5
\$\begingroup\$

I would like to aggregate rows of my dataframe together, following those rules:

  • Rows are grouped by "Id", and sorted by anticipation
  • One row can only be aggregated with rows next to it, with the same "Id"
  • The "Anticipation" of the new row is the weighted mean of the "Anticipation" (weighted by "Size") of aggregated rows
  • One row will be included in a group of rows to be aggregated to if, without the new row, the sum of "Size" is inferior or equal to "max_size"

In other words, with this dataframe as input:

   Anticipation   Id  Size
0            10  foo    10
1             9  foo    11
2             8  foo    30
3            10  bar    10
4             9  bar     9
5             8  bar    10
6            10  baz     7

and max_size = 10, the function should return this:

    Id  Size  Anticipation
0  bar    19      9.526316
1  bar    10      8.000000
2  baz     7     10.000000
3  foo    21      9.476190
4  foo    30      8.000000 

I'm looking for an improvement of my function's performance (through a more idiomatic pandas coding?).

Here is my current code

import pandas as pd
records = [{"Id": "foo", "Size": 10, "Anticipation":10},
{"Id": "foo", "Size": 11, "Anticipation":9},
{"Id": "foo", "Size": 30, "Anticipation":8},
{"Id": "bar", "Size": 10, "Anticipation":10},
{"Id": "bar", "Size": 9, "Anticipation":9},
{"Id": "bar", "Size": 10, "Anticipation":8},
{"Id": "baz", "Size": 7, "Anticipation":10}]

df = pd.DataFrame(records)
max_size = 10

def assembly_lines(df, max_size):

    df.sort_values("Anticipation", ascending=False)
    df["Cumsum"] = df[["Id", "Size"]].groupby(["Id"]).cumsum()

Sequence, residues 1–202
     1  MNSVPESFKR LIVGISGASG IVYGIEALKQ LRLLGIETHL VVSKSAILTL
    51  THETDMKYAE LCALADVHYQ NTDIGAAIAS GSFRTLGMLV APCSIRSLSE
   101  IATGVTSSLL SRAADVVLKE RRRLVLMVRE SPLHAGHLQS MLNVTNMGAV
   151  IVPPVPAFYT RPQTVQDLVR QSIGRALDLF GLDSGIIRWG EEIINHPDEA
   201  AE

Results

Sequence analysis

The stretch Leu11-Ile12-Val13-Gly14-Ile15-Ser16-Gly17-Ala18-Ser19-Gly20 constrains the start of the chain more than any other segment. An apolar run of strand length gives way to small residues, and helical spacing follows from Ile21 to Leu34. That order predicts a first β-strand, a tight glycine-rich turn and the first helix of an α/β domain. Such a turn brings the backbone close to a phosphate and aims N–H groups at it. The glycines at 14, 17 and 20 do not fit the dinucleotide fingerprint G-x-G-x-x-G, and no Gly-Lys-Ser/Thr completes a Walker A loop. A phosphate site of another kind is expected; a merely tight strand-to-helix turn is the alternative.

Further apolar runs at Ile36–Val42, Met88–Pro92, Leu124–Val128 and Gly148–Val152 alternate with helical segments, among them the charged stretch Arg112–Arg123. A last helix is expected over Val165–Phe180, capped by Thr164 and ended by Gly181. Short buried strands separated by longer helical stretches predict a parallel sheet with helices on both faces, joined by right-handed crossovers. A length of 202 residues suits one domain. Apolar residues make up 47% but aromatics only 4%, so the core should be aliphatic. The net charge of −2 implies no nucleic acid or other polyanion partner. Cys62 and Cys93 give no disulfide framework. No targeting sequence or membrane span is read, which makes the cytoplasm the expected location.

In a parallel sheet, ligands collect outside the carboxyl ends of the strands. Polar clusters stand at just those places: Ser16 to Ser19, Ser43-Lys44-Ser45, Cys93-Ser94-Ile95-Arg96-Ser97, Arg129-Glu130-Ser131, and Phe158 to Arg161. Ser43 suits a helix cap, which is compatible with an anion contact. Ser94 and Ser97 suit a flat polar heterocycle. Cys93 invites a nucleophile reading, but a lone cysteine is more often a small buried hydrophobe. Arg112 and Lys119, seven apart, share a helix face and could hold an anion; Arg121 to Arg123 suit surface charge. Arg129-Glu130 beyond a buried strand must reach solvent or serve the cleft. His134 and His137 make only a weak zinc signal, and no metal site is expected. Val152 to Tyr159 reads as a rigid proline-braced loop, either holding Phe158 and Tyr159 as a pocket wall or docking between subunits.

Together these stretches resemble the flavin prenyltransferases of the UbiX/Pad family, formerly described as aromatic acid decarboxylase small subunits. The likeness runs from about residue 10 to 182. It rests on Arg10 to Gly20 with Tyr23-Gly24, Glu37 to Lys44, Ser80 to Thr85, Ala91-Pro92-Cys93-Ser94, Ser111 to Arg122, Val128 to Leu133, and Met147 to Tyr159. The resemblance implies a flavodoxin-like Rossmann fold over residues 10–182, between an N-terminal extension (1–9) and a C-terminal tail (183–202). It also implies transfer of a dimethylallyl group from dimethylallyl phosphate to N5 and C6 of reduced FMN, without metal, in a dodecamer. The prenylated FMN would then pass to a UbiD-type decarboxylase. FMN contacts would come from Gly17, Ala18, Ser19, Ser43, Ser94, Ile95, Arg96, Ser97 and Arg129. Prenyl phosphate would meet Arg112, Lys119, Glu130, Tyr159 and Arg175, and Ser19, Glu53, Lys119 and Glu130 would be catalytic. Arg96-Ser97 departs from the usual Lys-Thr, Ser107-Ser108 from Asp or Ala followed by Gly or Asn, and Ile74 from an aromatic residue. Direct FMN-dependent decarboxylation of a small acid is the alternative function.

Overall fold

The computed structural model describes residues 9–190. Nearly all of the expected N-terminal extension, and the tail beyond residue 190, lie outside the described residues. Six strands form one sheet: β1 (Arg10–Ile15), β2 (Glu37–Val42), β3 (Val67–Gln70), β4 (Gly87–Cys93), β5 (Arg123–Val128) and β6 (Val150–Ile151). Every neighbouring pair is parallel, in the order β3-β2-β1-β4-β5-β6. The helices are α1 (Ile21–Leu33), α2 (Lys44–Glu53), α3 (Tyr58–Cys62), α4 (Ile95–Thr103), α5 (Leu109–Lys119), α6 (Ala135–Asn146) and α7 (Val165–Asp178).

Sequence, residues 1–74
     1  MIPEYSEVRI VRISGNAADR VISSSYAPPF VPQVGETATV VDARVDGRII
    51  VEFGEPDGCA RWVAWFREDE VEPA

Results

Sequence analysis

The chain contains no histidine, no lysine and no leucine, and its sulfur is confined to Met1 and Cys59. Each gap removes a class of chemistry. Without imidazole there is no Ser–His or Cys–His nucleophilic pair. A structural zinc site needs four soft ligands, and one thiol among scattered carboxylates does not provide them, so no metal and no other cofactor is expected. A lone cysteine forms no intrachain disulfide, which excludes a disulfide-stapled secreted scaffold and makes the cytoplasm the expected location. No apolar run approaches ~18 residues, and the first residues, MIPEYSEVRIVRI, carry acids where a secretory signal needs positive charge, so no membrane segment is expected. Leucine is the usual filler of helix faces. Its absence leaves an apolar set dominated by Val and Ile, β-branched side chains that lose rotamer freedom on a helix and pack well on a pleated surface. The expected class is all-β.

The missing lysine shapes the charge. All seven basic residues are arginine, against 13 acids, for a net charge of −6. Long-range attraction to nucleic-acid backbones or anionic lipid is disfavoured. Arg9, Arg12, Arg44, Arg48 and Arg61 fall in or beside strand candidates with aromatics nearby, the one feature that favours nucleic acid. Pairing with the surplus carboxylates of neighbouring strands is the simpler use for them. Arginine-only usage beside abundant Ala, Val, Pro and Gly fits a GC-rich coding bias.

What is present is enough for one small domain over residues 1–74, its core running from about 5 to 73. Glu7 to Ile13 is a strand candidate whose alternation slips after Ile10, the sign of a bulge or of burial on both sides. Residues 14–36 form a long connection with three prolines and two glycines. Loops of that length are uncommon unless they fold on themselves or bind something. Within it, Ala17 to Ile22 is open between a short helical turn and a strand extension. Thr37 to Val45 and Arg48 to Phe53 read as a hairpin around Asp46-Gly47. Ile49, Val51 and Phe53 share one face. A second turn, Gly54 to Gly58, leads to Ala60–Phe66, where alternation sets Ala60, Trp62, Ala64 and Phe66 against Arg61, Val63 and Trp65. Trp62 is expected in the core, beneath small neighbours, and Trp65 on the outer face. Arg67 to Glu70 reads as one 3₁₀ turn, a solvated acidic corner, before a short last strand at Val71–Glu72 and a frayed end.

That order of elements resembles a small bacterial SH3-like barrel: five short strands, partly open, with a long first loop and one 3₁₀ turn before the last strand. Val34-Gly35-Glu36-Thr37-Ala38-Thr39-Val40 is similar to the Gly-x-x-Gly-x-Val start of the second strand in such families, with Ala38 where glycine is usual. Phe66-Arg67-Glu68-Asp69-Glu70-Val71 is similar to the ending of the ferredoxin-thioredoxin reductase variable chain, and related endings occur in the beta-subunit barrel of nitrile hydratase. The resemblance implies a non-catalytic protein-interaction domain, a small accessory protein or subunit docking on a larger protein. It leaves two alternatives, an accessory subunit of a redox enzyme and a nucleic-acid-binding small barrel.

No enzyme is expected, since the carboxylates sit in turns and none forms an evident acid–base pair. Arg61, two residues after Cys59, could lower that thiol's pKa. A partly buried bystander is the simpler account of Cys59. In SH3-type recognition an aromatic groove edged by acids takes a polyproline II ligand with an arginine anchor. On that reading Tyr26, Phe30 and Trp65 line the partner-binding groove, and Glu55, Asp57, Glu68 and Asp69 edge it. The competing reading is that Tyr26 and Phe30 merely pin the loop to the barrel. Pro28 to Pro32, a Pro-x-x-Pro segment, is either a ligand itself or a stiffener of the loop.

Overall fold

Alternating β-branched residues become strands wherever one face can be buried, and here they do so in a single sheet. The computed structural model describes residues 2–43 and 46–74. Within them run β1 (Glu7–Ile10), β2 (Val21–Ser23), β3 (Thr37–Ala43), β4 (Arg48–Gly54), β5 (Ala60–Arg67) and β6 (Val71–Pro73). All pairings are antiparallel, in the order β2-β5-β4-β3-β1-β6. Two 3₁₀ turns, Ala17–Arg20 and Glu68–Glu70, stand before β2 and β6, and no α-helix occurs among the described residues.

df["Anticipation*Size"] = df["Anticipation"] * df["Size"]

    L_fin = [] # L_fin stores aggregated rows.

    for name, group in df.groupby(["Id"]): # Group "foo", "bar", "baz" together
        i = 0
        L = [] # L will temporarly stores rows before aggregation

        for index, row in group.iterrows():

            L.append(row.to_dict()) # Stores row in L

            if row["Cumsum"] > i + max_size: # If cumulated size of all rows in L is above maximal size authorized

                i = row["Cumsum"]
                temp = pd.DataFrame.from_dict(L).drop(["Cumsum", "Anticipation"], axis=1) \
                    .groupby("Id") \
                    .agg({"Size": "sum", "Anticipation*Size": "sum"}) #  Then rows are aggregated
                temp["Anticipation"] = temp["Anticipation*Size"] / temp["Size"] # Mean anticipation is calculated
                L_fin.append(temp) # Aggregated row is added to aggregated rows list
                L = [] # Bucket is emptyied

        if L: # If no rows remains in the grouped df

            temp = pd.DataFrame.from_dict(L).drop(["Cumsum", "Anticipation"], axis=1) \
                .groupby(["Id"]) \
                .agg({"Size": "sum", "Anticipation*Size": "sum"}) # Rows in the bucket are aggregated
            temp["Anticipation"] = temp["Anticipation*Size"] / temp["Size"]
            L_fin.append(temp) # And added to L_fin

    df = pd.concat(L_fin).drop(["Anticipation*Size"], axis=1).reset_index() 

    return df

\$\endgroup\$
1
\$\begingroup\$

Normally, I really despise the fact that itertools.groupby only groups adjacent elements with the same key... in your case, though, this seems ideal. Forgive me for just rewriting the code rather than critique'ing what you have, but using this grouping function completely changes how the overall task is best approached.